I'm sitting in the Fantasy Forest after a cooling summer shower. A butterfly settles on my shoulder. Goofy faces peer from the trees. Cartoonish toads, gnomes and ladybugs relax in tiny tires and wheelbarrows near brightly colored mushrooms.
Music flows from rocks, a clever disguise. Soothing flutes and chirping crickets — in stereo, no less. And it occurs to me: Imagine the Yellow Brick Road without the yellow bricks.
In the Fantasy Forest, the pathways once were sand and mud, no place for a wheelchair. And then along came a few dozen men and women on the rise in Pasco business and government, leaders sharpening their skills and searching for a project to help the less fortunate.
They found the Angelus, home to 32 profoundly handicapped people who depend on a community's generosity for survival. And these young executives worked like dogs. They hauled dirt and planted flowers that will bloom and attract butterflies. They created a magical forest, a stimulating, entertaining oasis.
And most important, they recruited a man from Blanton, near Dade City, who is known for his soft heart, a man who built the Christmas float for Habitat for Humanity, a man defined in part five decades earlier when, as a 5-year-old playing with a cigarette lighter, he caught fire.
Harold Wagner paid a visit to the Angelus in Hudson. He walked around the 17 acres with director Joe Neri. He met the residents, most of them twisted and helpless from cerebral palsy. He flashed on his childhood, when he endured years of skin grafts and cruel kids made fun of his disfigurement. And like virtually everyone who ever visits this wonderful place, Wagner was smitten.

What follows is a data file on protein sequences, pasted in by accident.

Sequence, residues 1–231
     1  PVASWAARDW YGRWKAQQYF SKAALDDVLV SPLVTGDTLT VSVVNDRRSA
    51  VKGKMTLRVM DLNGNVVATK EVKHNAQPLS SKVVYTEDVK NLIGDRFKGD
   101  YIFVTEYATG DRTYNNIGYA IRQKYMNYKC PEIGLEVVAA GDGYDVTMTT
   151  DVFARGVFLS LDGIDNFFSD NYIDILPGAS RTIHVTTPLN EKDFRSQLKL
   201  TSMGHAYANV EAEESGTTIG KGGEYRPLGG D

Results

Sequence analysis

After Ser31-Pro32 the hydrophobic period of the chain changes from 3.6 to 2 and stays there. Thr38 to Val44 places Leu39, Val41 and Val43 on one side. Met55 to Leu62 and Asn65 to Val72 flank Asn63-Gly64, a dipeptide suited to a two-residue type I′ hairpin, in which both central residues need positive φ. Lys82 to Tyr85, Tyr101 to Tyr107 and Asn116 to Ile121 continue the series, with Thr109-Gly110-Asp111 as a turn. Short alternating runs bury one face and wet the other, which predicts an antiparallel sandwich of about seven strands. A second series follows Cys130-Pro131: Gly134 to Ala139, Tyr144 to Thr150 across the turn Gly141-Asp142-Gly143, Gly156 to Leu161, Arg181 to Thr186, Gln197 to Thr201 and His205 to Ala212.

"I was really and truly touched,'' he said. "I wanted to help them.''
Wagner, whose Gator Transport & Setup Inc. builds houses and barns, among other things, decided what this project really needed was a yellow brick road. Okay, so the bricks weren't really yellow, but they were beautiful, the kind you would find dressing up a pool or driveway at an expensive home.
When the 33 members of the Leadership Pasco Class of 2008 rolled up their sleeves and started on the project, they were amazed to see truck after truck arrive to drop off the pavers. Wagner donated 10,000 of them for a 3,000-square-foot winding pathway. The gift of supplies and labor was worth about $15,000.
Alan Herring, chief administrative officer at the Pasco Sheriff's Office, ramrodded the group, which relocated a wishing well, planted, mulched, trimmed and raked. And when all was said and done, the Angelus "kids'' arrived in their wheelchairs, beaming from ear to ear.
They now had full access to the most special place in their neighborhood, a place to meditate and enjoy nature.
"I'll always remember when they came rolling down the path,'' Herring said.
Some days later, Neri got a visit from a much different group wanting to help. He had met members of a motorcycle club from Tampa during a recent fundraiser, and now here was a guy named "Lucky'' knocking on his door.
Lucky gave Neri a leather vest with the words "Knight Ryder: Bikers for Handicapped Kids.'' Eight members with beards and tattoos, including a large guy named "Gore,'' added some finishing touches to the Fantasy Forest, including archways and latticework. They left with a promise to maintain the Fantasy Forest.
"They couldn't have been nicer,'' Neri said.
And so it is at the Angelus, where you could easily get bogged down in heartbreak — if there weren't so many heroes around.
Bill Stevens is the Times' North Suncoast editor. You can reach him at (727) 869-6250 or at firstname.lastname@example.org.